Let History Speak

“Education is the most powerful weapon which you can use to change the world.”

– Nelson Mandela

I will always be a supporter of the teaching of all kinds of history in schools. Not the watered down, cleaned up version that goes easy on our consciences but the real, raw, heroic or dirty truth. We do not get to pick and choose what part of history we teach to the world, inside or outside of our classrooms. History should be allowed to speak for itself, unfiltered and unbiased, and each man, woman and child once confronted with the truth of our past, good or bad, should have the freedom to interpret, internalize, and make a decision as to how this information will impact our behaviors and thought processes in the future.

While here in Cincinnati I have had the opportunity of visiting the National Underground Railroad Freedom Center. I was pleased to see people of all races, ethnicities, and ages there. Institutions and museums like these serve to celebrate as well as enlighten us about our past and hopefully provide us with valuable life lessons. One can only hope that where necessary, they also provoke our consciences and stir within us feelings of empathy which hopefully prevents us and future generations from repeating destructive and hurtful behaviors of the past. But the fact is, not every one of us or our children will get to visit these museums, and some are even reluctant to teach it in their homes. That is why it is important that history be taught in our schools.

Whether it be the history of world wars, the great depression, the independence of our country, the holocaust or the history of the slavery of African Americans, we owe it to our children, we owe it to our ancestors, we owe it to the new upcoming generations, and we owe it to ourselves to let history speak for itself.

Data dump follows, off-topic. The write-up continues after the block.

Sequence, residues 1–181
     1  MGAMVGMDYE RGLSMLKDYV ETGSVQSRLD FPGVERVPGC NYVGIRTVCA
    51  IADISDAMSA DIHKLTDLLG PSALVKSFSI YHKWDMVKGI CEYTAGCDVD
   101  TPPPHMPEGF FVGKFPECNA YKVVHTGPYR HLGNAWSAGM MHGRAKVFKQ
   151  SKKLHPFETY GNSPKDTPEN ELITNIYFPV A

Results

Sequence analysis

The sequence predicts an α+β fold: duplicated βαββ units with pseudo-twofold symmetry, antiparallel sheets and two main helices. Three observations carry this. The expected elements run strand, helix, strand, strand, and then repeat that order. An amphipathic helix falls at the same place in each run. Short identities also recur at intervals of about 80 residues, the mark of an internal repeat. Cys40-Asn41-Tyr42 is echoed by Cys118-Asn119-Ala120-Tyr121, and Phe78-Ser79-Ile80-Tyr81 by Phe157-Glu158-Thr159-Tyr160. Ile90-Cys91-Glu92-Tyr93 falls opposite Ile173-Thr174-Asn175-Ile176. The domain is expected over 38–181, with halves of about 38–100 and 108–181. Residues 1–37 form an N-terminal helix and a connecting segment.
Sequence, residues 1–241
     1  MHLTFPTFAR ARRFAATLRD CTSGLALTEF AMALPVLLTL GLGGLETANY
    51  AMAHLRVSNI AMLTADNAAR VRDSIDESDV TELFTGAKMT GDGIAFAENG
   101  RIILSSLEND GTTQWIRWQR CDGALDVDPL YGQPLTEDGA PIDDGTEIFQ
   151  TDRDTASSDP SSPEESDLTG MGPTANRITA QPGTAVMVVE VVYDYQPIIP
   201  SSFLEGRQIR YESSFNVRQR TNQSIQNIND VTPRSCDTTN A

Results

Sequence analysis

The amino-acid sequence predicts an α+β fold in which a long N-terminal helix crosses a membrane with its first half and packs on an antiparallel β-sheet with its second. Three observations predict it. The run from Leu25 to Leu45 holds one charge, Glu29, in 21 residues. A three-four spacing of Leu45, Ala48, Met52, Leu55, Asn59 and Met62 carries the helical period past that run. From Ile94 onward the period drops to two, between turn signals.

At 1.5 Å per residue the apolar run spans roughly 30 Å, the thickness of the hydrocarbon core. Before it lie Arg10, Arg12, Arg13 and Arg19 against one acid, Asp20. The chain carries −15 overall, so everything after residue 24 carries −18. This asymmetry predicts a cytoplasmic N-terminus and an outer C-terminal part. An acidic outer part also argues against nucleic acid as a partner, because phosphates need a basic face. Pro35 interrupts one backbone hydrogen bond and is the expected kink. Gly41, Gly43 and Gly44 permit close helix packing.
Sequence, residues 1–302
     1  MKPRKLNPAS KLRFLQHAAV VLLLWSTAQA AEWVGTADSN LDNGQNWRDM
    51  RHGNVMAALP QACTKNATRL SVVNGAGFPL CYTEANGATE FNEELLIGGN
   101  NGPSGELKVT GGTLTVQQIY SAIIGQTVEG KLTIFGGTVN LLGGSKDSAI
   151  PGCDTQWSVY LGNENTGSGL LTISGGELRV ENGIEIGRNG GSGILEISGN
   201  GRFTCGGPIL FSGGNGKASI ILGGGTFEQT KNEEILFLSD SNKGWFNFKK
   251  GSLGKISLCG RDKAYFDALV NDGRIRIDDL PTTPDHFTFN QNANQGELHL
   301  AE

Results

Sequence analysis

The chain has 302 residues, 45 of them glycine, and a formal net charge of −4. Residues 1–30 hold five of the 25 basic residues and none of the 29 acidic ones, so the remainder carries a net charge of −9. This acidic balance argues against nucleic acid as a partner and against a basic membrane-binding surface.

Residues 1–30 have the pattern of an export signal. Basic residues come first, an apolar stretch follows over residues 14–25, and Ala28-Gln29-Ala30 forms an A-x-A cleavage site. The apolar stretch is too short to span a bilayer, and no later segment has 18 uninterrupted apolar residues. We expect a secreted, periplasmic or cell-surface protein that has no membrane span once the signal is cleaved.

“The whole purpose of education is to turn mirrors into windows.”

Sidney J Harris

Follow on:


8 thoughts on “Let History Speak

  1. Very true Jan. History must be taught with all its truths, ugly or otherwise. We cannot soften the blow by not teaching it, how will we learn in that case?
    How wonderful you got the opportunity to visit the Underground Railroad Museum. There are so many stories that come from that time. Here in Niagara there is a strong connection to the Underground Railroad. I wrote about Josiah Henson in a post some time ago. I’m so inspired by his story. I link it here for you to read if you’re interested. https://lifewithalegria.com/2021/02/19/the-story-of-josiah-henson-and-his-escape-to-niagara/

    Liked by 1 person

      1. Thanks Jan. And yes, Canada played a big role in the Underground Railroad. We have several museums to educate us about that time, both big and small. Thanks for reading and for sharing your post.


  2. Great piece! Isn’t it interesting how much of our past as countries and people groups gets buried. Especially what we call the ‘dirty little secrets’. This is true for every country and ethnic groups.

    Liked by 1 person

Leave a Reply

Fill in your details below or click an icon to log in:

WordPress.com Logo

You are commenting using your WordPress.com account. Log Out /  Change )

Facebook photo

You are commenting using your Facebook account. Log Out /  Change )

Connecting to %s

%d bloggers like this: